In Iowa, the crime committed by a person who drives a car or other vehicle while impaired by alcohol or a drug is called Operating While Intoxicated (OWI). The OWI charge is governed by Iowa Code section 321J.
In Iowa, a blood alcohol content (BAC) level of 0.08 or higher is per se unlawful, meaning a person commits the crime of operating while intoxicated if they operate a vehicle with such an alcohol level, even if they are not driving in a dangerous or erratic manner. For individuals under the age of 21 in Iowa, that BAC limit is 0.02. However, even without a blood alcohol content of 0.08 or higher, it is possible to commit and OWI in Iowa using alcohol if the state can prove that the driver was impaired by the alcohol. For controlled substances (drugs), being impaired by any amount of the drug is enough for an OWI conviction.
Failing or refusing to take an blood alcohol content test in Iowa also results in a driver’s license suspension, which is a separate matter from the OWI case.
Under Iowa law, an OWI can be charged when just about any vehicle is operated. While the most common vehicles that people allegedly operate while intoxicated are cars, trucks, and motorcycles, it is possible to be charged with an OWI while operating other vehicles such as boats or even riding lawnmowers.
A first offense OWI is Serious Misdemeanor, which means the maximum penalty is a year in the county jail upon conviction. A second offense is an Aggravated Misdemeanor, punishable by up to two years in prison. There are also mandatory minimum jail terms that the court is required to impose upon a conviction for OWI.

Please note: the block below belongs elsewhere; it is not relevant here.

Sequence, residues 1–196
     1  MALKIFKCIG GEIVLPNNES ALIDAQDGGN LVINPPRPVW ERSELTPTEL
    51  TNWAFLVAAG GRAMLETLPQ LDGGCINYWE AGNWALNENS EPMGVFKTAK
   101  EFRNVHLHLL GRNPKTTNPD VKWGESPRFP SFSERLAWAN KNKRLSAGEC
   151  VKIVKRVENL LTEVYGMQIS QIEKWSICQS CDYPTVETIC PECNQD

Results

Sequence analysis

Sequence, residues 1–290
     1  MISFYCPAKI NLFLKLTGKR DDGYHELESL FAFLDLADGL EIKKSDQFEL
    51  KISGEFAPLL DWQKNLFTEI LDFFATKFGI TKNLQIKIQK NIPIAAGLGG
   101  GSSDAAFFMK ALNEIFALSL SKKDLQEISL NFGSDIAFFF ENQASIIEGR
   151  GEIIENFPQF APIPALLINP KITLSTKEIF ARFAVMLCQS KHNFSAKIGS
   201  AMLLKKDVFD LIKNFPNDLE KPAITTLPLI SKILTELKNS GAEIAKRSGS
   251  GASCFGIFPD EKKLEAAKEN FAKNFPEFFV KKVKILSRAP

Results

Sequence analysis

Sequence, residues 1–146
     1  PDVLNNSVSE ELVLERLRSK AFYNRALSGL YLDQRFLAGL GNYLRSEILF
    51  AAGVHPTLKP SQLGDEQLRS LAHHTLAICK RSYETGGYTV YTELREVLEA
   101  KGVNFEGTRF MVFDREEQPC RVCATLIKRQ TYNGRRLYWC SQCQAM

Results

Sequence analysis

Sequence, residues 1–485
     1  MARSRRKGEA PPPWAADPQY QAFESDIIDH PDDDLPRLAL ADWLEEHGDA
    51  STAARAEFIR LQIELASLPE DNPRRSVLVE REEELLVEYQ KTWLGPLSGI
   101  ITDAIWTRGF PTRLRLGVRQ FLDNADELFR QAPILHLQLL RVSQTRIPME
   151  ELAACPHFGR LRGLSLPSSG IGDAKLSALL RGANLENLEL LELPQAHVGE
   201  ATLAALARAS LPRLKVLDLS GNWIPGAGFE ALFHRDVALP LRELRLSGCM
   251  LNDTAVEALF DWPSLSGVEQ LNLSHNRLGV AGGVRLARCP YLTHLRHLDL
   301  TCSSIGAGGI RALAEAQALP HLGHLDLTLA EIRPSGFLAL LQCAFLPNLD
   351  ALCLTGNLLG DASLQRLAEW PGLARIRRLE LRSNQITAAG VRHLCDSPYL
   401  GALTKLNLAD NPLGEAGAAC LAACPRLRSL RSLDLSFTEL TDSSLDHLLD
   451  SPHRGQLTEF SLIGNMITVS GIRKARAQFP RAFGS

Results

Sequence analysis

While the OWI law in Iowa makes OWI a serious crime, that does not mean that an OWI charge is insurmountable in all cases. Often, OWI defense involves reviewing the evidence to determine if there was a proper basis (probable cause) for law enforcement to stop the vehicle or otherwise come into contact with the person accused of OWI. Even if the stop was proper, it still may be possible to challenge the administration or results of the field sobriety tests and breath or blood test that allegedly show intoxication. In other cases, the issue of whether the prosecution has proper evidence to show operation of the vehicle by the person accused of OWI. Iowa’s OWI statute, and the caselaw created by the Iowa Supreme Court and Iowa Court of Appeals means that this area of law is a relatively complex one.
Even in cases where an OWI charge cannot be made to go away entirely, it is sometimes possible to avoid any jail time (or even a conviction). Under some circumstances, a person who has committed an OWI can receive a Deferred Judgment, which is where the person agrees to enter a guilty plea but the court does not actually find the person guilty. Instead, the person is placed on a term of probation, attends alcohol treatment as needed, pays court courts and a civil penalty, and then the case is dismissed without a conviction ever being entered. Certain requirements must be met for a person to be eligible for a Deferred Judgment, and that includes a blood alcohol level that is below 0.15.